Brokering the public-private dynamics of higher education through strategic alliances in an Australian 'hybrid' university

Harreveld, R. E. (Bobby) and Danaher, Patrick Alan and Alcock, Daryl and Danaher, Geoff (2007) Brokering the public-private dynamics of higher education through strategic alliances in an Australian 'hybrid' university. In: Public-private dynamics in higher education: expectations, developments and outcomes. Transcript Verlag, Bielefeld, Germany. ISBN 9783899427523

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Abstract

[Abstract]: Central Queensland University [CQU] students will not pay higher HECS fees next year after the CQU council yesterday bucked the nationwide trend and voted not to raise fees. CQU vice–chancellor Glenice Hancock said the council opted against following the 25% rises approved by southern universities, despite the revenue it would have raised. “It would have been an easy route to take during these difficult financial times and very justifiable in strictly economic terms,” she said. “But the council looked at all the pros and cons and decided not to increase.”….[B]oth Professor Hancock and CQU Chancellor Justice Stan Jones said the decision not to increase fees meant revenue and financial savings would have to be found elsewhere. (The Morning Bulletin, 6 March 2004) The significance of this statement lies not just in its appeasement of regional constituents in Central Queensland, Australia; but also in the not so subtle warning that, as a consequence of this decision, the institution will have to fill an expected short–fall in its funding base for domestic students. While specific details of Commonwealth government initiatives to reform the higher education sector are not as yet finalised, one particularly significant initiative is the publicly (i.e. government) controlled enrolment ‘balance’ among different fields of study. If institutions miscalculate their curriculum mix for publicly funded courses, then what does this mean for their ongoing curriculum development and resourcing of publicly funded courses and offerings entered into with private–provider partners? This paper reports on the beginnings of a research project analysing ‘stories from the inside’ of a higher education institution that could be described as one of the ‘hybrid’ universities (Marginson & McBurnie, 2003, p. 58) operating both locally and globally within the Asia-Pacific region. The question used to focus the study asks: What are the implications of these shifts in funding for the future governance of a local–global university that relies substantially for its economic survival on funds generated from networks and partnerships in the public–private higher education sector? Preliminary findings from the first stage of this project report discursively analysed data from aggregated statistics at the national level with individual and focus group interviews with participating lecturers. The themes emerging from these data are clustered around the infrastructure and implications of public-private relationships and alliances and of university governance in the early 21st century.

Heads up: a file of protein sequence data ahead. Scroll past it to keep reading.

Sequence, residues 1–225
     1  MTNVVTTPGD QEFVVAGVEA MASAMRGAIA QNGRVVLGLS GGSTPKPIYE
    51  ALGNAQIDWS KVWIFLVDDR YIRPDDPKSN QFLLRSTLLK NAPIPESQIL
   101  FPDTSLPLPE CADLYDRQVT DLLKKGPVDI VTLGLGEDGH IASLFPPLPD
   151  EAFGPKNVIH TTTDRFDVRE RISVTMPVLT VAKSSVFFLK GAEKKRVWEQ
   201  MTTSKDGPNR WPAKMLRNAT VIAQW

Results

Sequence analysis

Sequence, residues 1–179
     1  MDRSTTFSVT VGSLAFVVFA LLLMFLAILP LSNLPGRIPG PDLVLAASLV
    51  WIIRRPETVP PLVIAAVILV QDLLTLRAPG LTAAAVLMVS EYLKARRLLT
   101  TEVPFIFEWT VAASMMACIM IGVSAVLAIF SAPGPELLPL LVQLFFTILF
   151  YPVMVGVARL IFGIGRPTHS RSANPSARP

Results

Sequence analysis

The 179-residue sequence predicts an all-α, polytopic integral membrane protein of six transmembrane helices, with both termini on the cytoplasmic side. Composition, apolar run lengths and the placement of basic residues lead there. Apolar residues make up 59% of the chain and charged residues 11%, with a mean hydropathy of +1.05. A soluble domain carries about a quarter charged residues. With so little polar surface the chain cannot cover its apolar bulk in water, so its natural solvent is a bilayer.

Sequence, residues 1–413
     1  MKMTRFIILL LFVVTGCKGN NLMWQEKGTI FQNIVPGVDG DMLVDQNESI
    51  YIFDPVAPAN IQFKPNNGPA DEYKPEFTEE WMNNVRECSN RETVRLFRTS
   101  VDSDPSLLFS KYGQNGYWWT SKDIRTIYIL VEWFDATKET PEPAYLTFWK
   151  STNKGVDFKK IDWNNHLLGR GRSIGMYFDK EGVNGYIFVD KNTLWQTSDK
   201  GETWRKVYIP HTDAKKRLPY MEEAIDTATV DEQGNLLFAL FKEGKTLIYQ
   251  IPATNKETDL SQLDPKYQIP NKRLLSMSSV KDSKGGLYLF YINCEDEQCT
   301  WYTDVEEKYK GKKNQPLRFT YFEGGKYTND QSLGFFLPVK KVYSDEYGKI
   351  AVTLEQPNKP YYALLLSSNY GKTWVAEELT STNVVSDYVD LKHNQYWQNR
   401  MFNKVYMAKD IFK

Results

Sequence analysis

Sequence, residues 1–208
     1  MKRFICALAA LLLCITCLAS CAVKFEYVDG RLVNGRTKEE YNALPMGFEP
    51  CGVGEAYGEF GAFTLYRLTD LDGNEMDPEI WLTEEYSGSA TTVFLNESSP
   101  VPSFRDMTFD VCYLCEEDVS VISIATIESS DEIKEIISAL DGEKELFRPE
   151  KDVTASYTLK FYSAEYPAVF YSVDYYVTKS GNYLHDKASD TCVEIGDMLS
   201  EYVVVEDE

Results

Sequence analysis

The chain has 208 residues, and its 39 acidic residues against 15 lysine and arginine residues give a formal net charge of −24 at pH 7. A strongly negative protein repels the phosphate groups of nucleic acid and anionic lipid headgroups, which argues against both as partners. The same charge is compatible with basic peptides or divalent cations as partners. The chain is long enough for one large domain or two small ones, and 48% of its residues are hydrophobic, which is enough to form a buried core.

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Item Type: Book Chapter (Commonwealth Reporting Category B)
Refereed: Yes
Item Status: Live Archive
Additional Information: Deposited with permisison of publisher. 'Copyright Transcript Verlag, Bielefeld. Print copy held in USQ Library at call no. 371.8 Pub. All rights reserved. No part of this book may be reprinted or reproduced or utilized in any form or by any electronic, mechanical, or other means, now known or hereafter invented, including photocopying and recording, or in any information storage or retrieval system, without permission in writing from the publisher.'
Depositing User: Assoc Prof Patrick Danaher
Faculty / Department / School: Historic - Faculty of Education
Date Deposited: 07 Apr 2008 04:59
Last Modified: 02 Jul 2013 23:00
Uncontrolled Keywords: Australia, Central Queensland University, higher education, strategic alliances, university funding
Fields of Research (FOR2008): 16 Studies in Human Society > 1608 Sociology > 160809 Sociology of Education
13 Education > 1301 Education Systems > 130103 Higher Education
13 Education > 1303 Specialist Studies in Education > 130304 Educational Administration, Management and Leadership
URI: http://eprints.usq.edu.au/id/eprint/4048

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